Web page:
The first cars were scheduled to reach customers earlier this year, but that never happened. Ferrari CEO Louis Camilleri told investors in a recent earnings call that the automaker is now aiming to start deliveries in the fourth quarter of 2020.
The SF90 Stradale is particularly affected by coronavirus slowdowns because it contains more than 2,000 new components from suppliers, according to Autocar.
Ferrari halted production at its Italian factories in March, during the height of the outbreak in that country. Production resumed in May, but Ferrari shipped 48% fewer cars in the second quarter of 2020 than in the same period last year. Net revenues also fell by 42%, according to the magazine.
Ferrari SF90 Stradale
Unveiled in May 2019, the SF90 Stradale is the first regular-production Ferrari model to adopt electrification (the LaFerrari hybrid was a limited-edition outside the normal product cycle), and is Ferrari's first plug-in hybrid. A 4.0-liter twin-turbo V-8 based on the F8 Tributo 's enigne and an 8-speed dual-clutch automatic transmission sit behind the driver, with an electric motor/generator sandwiched between them. Two more electric motors power the front axle, giving the SF90 all-wheel drive.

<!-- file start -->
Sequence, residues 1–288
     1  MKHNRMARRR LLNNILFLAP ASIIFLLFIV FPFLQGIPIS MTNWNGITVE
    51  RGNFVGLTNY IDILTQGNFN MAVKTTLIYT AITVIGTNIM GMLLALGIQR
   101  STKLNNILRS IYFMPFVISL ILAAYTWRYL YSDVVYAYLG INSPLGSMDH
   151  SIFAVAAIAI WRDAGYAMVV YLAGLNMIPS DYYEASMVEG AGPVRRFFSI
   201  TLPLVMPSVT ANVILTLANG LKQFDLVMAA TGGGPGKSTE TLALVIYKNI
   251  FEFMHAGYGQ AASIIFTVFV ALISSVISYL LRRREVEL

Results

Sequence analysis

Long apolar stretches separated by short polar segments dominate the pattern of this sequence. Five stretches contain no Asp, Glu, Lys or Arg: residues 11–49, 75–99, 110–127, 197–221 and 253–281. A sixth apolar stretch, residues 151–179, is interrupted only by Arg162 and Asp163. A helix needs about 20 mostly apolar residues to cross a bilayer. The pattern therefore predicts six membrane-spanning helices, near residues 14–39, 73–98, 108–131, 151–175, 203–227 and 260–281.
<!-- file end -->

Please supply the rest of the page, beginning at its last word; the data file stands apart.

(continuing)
With the gasoline engine and electric motors working, the SF90 Stradale boasts 986 horsepower. Ferrari has said it will accelerate from 0-62 mph in 2.5 seconds, hit 124 mph in 6.7 seconds, and reach a top speed of 211 mph. The automaker also said the SF90 Stradale will lap its Fiorano test track in 1:19—0.7 second quicker than the LaFerrari.
Ferrari has several other models in the pipeline, including the Roma coupe, a facelift Portofino convertible, and a mystery model that appears to be another Portofino variant. The Purosangue SUV is also expected closer to 2022. It's unclear if coronavirus delays will affect the launch timing of these models.